Wallace was such a prolific writer that one of his publishers claimed that a quarter of all books in England were written by him. As well as journalism, Wallace wrote screen plays, poetry, historical non-fiction, 18 stage plays, 957 short stories and over 170 novels, 12 in 1929 alone. More than 160 films have been made of Wallace’s work.
In addition to his work on King Kong, he is remembered as a writer of “the colonial imagination”, for the J. G. Reeder detective stories, and for The Green Archer serial.” (Wikipedia)
“T. P. O’Connor Memorial, by F.W. Doyle-Jones. 1935-36. Bust and plaque bronze; console supporting bust stone, bust 67cm high; console 32 cm. high; inscription plaque 30 cm. high x 45 cm. wide. Chronicle House, 72-8 Fleet Street, London, WC2. Signed on the truncated neck of Wallace “F.Doyle Jones””(Ward-Jackson).
“T P O’Connor (also known, mimicking his own pronunciation of the initials T. P., as Tay Pay) had been elected as an MP for Galway in Ireland on a Home Rule platform in 1880. In 1885 he stood for both Galway and Liverpool Scotland, and was returned by both. He opted to take his seat as the representative for Liverpool Scotland, and Galway was then represented by a succession of Irish Parliamentary Party MPs.” (Almost History)

Throughout the 1910s, he also regularly exhibited with the International Society of Sculptors, Painters and Gravers and at the annual exhibition of Works by Artists from the Northern Counties held at the Laing Art Gallery in Newcastle upon Tyne.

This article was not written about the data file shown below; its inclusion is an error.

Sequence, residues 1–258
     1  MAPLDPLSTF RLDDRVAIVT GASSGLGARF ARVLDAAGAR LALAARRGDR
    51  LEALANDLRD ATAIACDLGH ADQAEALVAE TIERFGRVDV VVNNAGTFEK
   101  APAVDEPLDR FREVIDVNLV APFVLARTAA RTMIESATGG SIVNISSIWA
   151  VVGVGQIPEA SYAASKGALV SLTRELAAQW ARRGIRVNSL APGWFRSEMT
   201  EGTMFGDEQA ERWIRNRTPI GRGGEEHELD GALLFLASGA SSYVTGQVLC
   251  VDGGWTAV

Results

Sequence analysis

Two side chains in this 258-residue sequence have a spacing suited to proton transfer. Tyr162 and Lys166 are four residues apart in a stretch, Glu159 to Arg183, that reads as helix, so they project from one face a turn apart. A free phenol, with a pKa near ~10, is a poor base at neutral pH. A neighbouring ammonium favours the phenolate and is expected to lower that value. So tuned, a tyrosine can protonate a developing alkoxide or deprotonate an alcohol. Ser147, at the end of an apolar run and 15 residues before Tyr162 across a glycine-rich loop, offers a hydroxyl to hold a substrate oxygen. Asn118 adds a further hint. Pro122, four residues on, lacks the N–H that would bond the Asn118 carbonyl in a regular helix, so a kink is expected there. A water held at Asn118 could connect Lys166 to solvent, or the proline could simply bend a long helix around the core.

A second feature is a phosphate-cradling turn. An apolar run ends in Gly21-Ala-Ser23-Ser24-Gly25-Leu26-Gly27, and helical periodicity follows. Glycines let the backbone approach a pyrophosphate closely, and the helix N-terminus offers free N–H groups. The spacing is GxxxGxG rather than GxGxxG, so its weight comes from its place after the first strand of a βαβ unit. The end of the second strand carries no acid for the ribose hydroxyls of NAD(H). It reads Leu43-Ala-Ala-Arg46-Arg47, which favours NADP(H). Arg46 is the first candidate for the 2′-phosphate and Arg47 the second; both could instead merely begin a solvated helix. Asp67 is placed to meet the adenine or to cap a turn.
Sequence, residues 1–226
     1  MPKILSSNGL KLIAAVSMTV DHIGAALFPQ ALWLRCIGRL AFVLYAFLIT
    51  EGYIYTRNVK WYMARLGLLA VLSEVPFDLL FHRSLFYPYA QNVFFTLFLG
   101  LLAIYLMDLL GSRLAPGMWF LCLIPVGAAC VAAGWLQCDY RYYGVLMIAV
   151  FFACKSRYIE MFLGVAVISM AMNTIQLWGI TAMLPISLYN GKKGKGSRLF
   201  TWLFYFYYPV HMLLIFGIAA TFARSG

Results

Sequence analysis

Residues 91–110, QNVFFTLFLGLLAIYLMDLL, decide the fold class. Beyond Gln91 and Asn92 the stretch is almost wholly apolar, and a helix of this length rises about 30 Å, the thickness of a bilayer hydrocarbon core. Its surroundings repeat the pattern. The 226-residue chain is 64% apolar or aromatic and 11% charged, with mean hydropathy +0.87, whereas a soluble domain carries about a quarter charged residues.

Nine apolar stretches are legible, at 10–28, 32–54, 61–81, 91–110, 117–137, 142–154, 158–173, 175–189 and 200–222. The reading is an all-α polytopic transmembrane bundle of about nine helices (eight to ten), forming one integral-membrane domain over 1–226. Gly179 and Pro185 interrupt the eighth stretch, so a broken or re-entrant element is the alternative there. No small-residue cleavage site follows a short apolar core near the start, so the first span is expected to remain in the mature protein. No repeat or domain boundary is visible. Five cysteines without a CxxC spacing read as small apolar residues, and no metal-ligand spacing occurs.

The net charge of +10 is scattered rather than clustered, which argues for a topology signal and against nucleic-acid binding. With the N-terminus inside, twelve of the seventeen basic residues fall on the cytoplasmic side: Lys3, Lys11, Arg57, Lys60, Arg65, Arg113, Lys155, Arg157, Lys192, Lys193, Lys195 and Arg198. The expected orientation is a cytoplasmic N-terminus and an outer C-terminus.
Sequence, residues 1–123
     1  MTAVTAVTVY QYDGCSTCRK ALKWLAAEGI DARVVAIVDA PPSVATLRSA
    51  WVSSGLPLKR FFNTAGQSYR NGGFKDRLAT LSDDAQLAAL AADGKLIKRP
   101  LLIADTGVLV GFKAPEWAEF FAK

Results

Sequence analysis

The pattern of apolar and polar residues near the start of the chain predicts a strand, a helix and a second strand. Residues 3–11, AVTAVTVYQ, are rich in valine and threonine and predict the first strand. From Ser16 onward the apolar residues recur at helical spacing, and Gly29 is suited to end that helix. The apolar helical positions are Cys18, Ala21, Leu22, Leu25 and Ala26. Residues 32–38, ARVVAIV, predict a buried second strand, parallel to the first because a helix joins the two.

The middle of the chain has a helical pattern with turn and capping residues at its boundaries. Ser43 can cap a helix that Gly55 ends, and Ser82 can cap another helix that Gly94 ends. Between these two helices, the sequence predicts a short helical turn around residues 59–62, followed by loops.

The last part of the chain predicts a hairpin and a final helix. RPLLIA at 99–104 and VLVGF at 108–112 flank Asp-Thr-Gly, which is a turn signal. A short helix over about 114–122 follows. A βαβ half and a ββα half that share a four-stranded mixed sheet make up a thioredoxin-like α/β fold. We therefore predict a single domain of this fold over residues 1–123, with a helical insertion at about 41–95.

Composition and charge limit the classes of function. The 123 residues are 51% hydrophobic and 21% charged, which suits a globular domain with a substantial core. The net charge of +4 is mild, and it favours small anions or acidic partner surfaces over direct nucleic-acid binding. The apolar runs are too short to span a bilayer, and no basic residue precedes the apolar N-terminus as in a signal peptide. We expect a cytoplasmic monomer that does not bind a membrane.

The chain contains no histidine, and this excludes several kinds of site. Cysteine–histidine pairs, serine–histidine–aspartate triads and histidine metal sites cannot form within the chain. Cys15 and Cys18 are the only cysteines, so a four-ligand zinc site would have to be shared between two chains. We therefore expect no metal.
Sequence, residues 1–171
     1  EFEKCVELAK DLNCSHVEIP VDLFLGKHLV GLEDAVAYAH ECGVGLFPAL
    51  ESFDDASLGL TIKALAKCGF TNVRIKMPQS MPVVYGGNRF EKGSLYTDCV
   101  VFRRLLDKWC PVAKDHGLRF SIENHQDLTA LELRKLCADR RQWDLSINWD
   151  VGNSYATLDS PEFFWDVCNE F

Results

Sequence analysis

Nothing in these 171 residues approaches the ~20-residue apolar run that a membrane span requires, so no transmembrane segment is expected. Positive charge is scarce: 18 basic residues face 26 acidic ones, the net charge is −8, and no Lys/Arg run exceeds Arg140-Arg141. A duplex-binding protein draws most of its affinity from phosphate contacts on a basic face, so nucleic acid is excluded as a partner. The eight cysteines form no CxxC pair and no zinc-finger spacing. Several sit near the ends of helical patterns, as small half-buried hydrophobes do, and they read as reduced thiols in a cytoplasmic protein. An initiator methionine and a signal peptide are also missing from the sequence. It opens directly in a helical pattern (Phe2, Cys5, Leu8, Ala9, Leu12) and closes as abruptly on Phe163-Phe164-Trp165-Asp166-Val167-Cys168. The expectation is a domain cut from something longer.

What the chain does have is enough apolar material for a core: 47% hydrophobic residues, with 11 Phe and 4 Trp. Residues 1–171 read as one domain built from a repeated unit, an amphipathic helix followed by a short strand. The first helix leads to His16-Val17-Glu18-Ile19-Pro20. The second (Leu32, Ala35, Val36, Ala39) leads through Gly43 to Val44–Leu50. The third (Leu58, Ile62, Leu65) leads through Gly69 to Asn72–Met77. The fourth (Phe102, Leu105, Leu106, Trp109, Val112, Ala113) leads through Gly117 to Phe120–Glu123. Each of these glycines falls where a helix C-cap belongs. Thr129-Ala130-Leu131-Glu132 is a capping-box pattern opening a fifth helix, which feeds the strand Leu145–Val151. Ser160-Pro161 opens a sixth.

From 1904 to 1906 Jones created a series of Boer War memorials for British towns. For the memorials at Penrith and Gateshead he created identical memorials featuring a female figure representing Peace crowning the Heroes. Following the end of World War I Jones won several commissions for further public war memorials. He created several designs, including cenotaphs, for these works…

“unveiled 8 January 1921, shortly before the opening of the adjacent Teddington Memorial Hospital, of which the memorial is located at the front. The hospital was also created as a memorial to lives lost in the First World War. An additional inscription was added to the cenotaph after the Second World War.” (Historic England)

…but in some instances, such as for the memorials at Woking, Gravesend and Brighouse he used a common design with a figure of Victory standing on a globe and holding a wreath of laurel leaves.

Jones had a keen appreciation of Irish culture and, from early in his career, received several public commissions from Irish organisations, most notably for a monumental statue of Saint Patrick at Saul, County Down; also, for instance, a memorial statue to to Thomas W. Croke at Thurles, Co. Tipperary (1922). From 1923 onwards, he was a regular exhibitor with the Royal Hibernian Academy, RHA, in Dublin. Shown at the RHA in 1923, Jones’ bust of Michael Collins was acquired by the National Gallery of Ireland in 1924 while the Hugh Lane Gallery in Dublin holds a bronze bust of Joseph Devlin by Jones.

Jones was elected an associate member of the Royal Society of British Sculptors in 1923.”